• Insist on changes in the states: Most programmes, especially in the social sector, falter where implementation is fully or largely at the state level. Take education, health or nutrition: the southern and western states are in a different league compared to some of the states in northern and eastern India. That this is not a given is borne out by the improved statistics in some social sectors in states like Odisha and Chhattisgarh, pointing to the importance of political leadership committed to economic development. However, it is also distressing to observe that states with a very high reputation for sound administration in the past seem to be following in the footsteps of their more backward partners, especially in the area of individual (especially women) security and law and order. This is because the deteriorating administrative mechanisms in these states, coupled with countrywide weaknesses in the legal system, have led to reduced respect for the rule of law among increasingly cynical citizens. That we will continue to be governed by parties of a variety of ideological predispositions and structures is a fact of life; that all these parties, and the governments they form, need to promote strong, responsive governance mechanisms, at the state and local government levels, is equally crucial for a healthy democracy. Incentivising good governance measures, possibly through financial flows, needs serious consideration.
  • Resist the temptation of listening to party ideologues: The present union government is pilloried whenever it initiates any such measure, largely because it has been perceived as appointing persons (with particular ideological leanings), of no great public or professional standing, to head key institutions, some of whom have exposed themselves (and the government) to ridicule by the quality of their statements in public fora as well as by their performance. Granted, it may not have wanted the same set of academics and other individuals who were the favourites of the previous regime and who enjoyed positions due to the synchronisation of their worldviews with those of the then ruling dispensation. But a rigorous selection process would have seen the appointment of persons who commanded respect in the public for their erudition and scholarship and lent more credibility to the government’s decisions. I would strongly urge that an impartial, fair selection process is put in place, involving the Union Public Service Commission, so that the public (and the civil services) are assured that standards are not going to be diluted and that lateral entrants are not seen as being favourably disposed to any ideology, other than that of constitutional democracy, as enshrined in the Constitution of India.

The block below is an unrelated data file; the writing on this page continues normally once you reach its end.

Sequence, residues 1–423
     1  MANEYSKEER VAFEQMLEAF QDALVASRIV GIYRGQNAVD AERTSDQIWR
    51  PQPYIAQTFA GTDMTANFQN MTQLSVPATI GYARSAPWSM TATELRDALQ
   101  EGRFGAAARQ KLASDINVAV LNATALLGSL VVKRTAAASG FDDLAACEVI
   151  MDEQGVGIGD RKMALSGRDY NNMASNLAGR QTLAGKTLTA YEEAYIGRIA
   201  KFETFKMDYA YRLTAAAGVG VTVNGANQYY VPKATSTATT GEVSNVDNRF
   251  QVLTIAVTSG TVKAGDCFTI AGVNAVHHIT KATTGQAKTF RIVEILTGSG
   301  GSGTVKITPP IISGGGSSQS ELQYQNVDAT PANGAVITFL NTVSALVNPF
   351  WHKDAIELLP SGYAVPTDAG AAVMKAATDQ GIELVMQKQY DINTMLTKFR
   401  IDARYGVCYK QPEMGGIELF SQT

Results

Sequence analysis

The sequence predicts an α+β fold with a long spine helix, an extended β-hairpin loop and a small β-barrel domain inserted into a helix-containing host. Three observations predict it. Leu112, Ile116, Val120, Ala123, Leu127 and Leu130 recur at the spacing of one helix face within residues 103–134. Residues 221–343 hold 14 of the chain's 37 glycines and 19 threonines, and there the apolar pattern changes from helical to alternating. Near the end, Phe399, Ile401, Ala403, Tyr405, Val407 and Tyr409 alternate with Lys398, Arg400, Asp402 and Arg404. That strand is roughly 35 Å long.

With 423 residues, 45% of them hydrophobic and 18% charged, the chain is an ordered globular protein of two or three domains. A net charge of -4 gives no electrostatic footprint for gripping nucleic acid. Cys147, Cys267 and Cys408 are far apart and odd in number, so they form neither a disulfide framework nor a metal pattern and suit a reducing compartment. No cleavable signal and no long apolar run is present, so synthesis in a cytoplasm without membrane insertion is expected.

I revert again to the title of this blog. I am told that country chickens taste better than broilers. However, ten country chicken served up amongst many broilers will occasion no culinary delight, except among the very discerning. If the chickens are jointly slaughtered, cooked and served to patrons, it would, in any case, be impossible to testify to the quality of a particular chicken. Which is why I am a supporter of thoroughgoing reforms, even if these are carried out in stages. There should be no doubt about the final objectives or of the resolve of the government to carry through its programme. The government, for its part, should look for a place in history rather than for attaining limited political goals. When our fellow Commonwealth countries like the UK, Australia and New Zealand have undertaken extensive civil service reform, there is no reason for the biggest of them all, India, to refrain from biting the bullet.

 

No Shades Of Grey for India

I am not, as you might think, advocating the banning of the erotic book and film which have titles similar to the headline of this blog. But I am getting increasingly convinced that operating in grey areas is something Indians revel in. The new millennium has offered adequate proof that Indians abhor convention and thrive on discretion. While departing from the former allows for abominable behaviour even in the temples of Indian democracy, adhering like blood-sucking leeches to the latter enables the growth of the rent-seeking economy and polity. Where laws exist, bend them to suit oneself and one’s clan (even if discreetly) and, where they are silent, may the devil take the hindmost, decencies be damned.